Giving Productive Feedback to Editors — What Not to Say
Here are some tips for giving constructive feedback to editors that will keep everyone’s workflows healthy and productive.
Recently, we covered how working with an assistant editor can be a helpful way to streamline your video projects. Today, we’ll take it a step further and look into how to give solid (yet constructive) feedback to your partners or assistant editors to create a healthy, productive, and fun workflow.
1. Consolidate Feedback
Having worked as a video editor on projects big and small, this was probably my number one pet peeve every single time. You make an edit, send it over for revisions, and get some comments back. No big deal. They seem fine, so you jump into the edit and make the changes. Then as you’re exporting a new version, you see another email come in with a whole new set of contradictory requests. It’s the worst!
Save yourself and your editing partner these headaches and make sure your feedback is 100 percent consolidated and contains all the necessary information. If you need to show a draft to several parties, don’t reply with your edit requests until every party has responded.
Once you have a comprehensive breakdown of the feedback, it’s your job to consolidate it before passing it over to your editor(s). If there’s conflicting or contradictory feedback, resolve the issue before sending it on.
Don’t say: “Actually here’s one more list of changes . . .”
2. Focus on the Positives
Yes, we’re all adults in this industry, and we can act professionally, but that’s no reason not to be nice, positive, and supportive as much as possible. If an editor has worked hard and done a great job, let them know and thank them. Before you give any constructive feedback on things to change, find a few of the best parts and highlight those. Giving good positive feedback on the best parts can actually be more constructive in the long run, as it exemplifies what you’re really looking for.
Don’t say: “This is pretty bad. I’d change all of the following . . .”
3. Present Opportunities to Improve
In editing, much like in filmmaking (or any other art), there are no right or wrong choices; rather, there are creative decisions you must make at every stage of the edit. As such, saying something is “wrong” is simply an incorrect way of thinking. Instead, if you can focus on areas that don’t feel as strong as others, your feedback becomes an opportunity to improve the overall quality of project.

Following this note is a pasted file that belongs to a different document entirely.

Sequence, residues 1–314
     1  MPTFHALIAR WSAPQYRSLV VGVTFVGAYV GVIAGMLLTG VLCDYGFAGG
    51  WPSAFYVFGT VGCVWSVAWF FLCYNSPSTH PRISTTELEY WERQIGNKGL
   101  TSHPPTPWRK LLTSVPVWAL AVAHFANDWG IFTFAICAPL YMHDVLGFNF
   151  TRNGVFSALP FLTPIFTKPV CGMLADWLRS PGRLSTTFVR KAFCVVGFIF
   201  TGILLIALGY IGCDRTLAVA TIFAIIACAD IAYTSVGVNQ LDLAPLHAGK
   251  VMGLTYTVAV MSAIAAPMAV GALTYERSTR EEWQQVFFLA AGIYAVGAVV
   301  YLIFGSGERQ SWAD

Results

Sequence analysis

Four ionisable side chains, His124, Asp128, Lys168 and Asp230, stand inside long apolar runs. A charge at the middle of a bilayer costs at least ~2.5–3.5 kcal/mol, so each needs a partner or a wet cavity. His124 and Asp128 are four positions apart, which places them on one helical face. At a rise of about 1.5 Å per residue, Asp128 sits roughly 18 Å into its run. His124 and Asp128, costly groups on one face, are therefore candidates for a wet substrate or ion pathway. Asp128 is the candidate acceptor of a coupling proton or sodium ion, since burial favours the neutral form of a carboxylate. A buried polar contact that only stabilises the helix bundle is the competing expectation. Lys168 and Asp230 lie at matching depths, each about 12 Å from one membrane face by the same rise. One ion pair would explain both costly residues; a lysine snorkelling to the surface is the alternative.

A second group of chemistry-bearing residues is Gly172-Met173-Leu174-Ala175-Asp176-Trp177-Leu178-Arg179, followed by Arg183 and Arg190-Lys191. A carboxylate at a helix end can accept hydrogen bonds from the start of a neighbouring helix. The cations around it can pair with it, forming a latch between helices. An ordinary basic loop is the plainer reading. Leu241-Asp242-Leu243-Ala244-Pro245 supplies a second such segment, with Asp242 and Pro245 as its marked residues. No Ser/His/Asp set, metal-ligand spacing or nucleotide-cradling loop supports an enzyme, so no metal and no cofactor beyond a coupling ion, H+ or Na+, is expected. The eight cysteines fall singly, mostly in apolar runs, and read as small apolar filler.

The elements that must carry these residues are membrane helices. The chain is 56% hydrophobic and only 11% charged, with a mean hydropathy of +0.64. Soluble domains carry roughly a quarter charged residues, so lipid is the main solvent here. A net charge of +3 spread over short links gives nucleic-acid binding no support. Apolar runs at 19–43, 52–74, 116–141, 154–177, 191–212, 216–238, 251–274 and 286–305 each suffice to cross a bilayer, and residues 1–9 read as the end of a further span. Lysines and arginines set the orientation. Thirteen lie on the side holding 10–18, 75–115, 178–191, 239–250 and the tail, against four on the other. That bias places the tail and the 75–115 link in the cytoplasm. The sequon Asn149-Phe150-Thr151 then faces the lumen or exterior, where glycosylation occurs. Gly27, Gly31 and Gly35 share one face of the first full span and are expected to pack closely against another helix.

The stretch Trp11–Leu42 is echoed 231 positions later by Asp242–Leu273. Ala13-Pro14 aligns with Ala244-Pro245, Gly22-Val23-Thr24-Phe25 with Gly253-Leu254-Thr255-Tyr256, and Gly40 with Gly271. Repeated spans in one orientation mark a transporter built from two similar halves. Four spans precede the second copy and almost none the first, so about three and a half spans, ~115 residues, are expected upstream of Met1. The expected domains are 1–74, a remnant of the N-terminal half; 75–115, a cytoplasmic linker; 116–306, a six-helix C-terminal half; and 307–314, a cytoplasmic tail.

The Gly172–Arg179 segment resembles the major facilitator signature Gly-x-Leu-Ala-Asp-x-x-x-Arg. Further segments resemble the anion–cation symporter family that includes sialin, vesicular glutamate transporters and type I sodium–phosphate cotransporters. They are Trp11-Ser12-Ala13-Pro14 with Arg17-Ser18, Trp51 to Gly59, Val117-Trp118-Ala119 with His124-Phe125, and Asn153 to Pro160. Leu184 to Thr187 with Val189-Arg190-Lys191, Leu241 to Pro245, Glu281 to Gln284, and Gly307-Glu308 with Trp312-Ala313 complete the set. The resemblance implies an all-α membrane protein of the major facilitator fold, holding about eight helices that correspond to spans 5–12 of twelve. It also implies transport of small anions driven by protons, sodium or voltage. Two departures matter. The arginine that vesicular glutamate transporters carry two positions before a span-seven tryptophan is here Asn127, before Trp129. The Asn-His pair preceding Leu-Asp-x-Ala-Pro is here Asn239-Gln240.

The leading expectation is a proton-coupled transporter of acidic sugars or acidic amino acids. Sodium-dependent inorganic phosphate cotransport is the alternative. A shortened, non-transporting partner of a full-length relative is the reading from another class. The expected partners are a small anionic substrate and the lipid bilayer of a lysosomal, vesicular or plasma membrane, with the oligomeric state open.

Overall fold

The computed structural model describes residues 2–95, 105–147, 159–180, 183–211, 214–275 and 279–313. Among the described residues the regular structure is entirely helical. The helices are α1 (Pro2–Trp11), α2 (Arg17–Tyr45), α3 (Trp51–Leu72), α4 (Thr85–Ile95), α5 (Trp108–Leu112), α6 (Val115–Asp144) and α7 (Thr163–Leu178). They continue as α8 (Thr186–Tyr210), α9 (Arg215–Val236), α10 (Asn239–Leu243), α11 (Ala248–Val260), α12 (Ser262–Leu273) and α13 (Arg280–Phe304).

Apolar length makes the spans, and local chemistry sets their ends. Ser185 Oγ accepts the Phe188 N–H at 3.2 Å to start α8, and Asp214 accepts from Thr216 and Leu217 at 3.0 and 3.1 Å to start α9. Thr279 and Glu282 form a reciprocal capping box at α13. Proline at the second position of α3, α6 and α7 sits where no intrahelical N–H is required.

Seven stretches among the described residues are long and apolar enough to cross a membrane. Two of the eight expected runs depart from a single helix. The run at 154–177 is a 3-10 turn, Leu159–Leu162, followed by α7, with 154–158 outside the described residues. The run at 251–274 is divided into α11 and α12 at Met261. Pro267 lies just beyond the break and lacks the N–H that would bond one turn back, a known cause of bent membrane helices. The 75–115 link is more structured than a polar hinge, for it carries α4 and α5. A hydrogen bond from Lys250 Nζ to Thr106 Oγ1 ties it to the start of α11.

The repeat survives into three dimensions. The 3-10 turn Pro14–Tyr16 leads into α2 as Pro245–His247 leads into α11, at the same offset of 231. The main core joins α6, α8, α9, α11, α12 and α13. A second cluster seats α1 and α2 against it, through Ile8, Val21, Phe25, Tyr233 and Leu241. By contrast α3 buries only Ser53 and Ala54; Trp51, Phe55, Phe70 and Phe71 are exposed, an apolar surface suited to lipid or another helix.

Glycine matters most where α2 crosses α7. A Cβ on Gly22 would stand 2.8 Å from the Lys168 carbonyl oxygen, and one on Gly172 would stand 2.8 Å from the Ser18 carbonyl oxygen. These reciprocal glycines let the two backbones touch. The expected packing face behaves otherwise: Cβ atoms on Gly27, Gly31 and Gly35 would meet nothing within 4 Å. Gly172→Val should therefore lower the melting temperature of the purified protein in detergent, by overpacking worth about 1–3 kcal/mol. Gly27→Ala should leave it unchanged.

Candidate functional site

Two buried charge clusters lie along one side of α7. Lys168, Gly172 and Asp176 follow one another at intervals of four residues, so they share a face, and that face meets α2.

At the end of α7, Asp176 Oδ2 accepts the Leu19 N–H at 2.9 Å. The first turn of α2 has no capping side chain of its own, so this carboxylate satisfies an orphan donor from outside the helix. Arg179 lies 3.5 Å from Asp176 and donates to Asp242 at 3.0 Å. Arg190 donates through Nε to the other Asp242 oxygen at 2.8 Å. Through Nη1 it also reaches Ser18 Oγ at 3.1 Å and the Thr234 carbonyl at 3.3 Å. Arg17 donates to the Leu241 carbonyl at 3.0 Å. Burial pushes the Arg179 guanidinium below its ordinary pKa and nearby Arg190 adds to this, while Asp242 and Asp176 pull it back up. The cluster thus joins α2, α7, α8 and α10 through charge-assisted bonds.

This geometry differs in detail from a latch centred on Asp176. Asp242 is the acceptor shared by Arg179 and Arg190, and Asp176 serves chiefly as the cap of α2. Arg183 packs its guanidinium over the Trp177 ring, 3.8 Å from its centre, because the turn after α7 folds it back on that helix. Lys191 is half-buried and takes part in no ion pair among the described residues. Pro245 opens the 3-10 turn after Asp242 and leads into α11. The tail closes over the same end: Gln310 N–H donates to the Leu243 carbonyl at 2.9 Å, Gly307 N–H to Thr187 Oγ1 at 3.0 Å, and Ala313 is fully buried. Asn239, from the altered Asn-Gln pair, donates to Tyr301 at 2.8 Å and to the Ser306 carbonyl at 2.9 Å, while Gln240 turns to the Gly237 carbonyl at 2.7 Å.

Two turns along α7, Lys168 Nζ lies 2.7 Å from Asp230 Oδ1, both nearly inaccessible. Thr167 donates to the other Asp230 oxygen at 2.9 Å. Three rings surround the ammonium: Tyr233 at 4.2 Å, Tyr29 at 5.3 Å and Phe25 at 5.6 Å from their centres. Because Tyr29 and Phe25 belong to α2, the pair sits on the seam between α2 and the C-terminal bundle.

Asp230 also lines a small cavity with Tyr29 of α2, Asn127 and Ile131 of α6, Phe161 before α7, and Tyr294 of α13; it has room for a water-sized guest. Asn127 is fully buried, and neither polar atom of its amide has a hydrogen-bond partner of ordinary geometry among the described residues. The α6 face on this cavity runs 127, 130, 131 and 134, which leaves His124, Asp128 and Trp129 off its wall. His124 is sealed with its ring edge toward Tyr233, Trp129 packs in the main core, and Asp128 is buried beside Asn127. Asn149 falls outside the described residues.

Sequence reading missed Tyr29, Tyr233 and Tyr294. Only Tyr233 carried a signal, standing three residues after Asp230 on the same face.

Don’t say: “That first section is just wrong; that’s not the right first shot . . .”
4. Be Precise
That being said, while it’s important to stay positive, you also need to be precise. If a section feels off to you, try to really detail what about it is causing you concern and give pointed examples or insights into what would be the best way to fix the issue. Give concrete examples.
This is where using collaborative review platforms like Frame.io can be really helpful — you can leave feedback at exact frame marks and make recommendations for changes directly.
Don’t say: “I just think we need something else there, you know . . .”
5. Don’t Leave Things Open-Ended
Finally, the last thing you want to do in any of your feedback is to throw the ball back into your editor’s court and leave things open-ended regarding how to wrap things up. If your editor is helping you finish your video project, they need you to share your vision with them. Ideally, unless several other parties are involved, you should only go through one (or two at most) rounds of revisions.
Therefore, it’s very important to leave consolidated, positive, and concise feedback that clearly defines what should happen next — and a deadline by which to finish to finish the project.
Don’t say: “We’ll figure out everything else later on when finishing this up . . .”
Cover image via recklessstudios.
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- Changing the Audio Editing Game with PremiumBeat’s Track Stems
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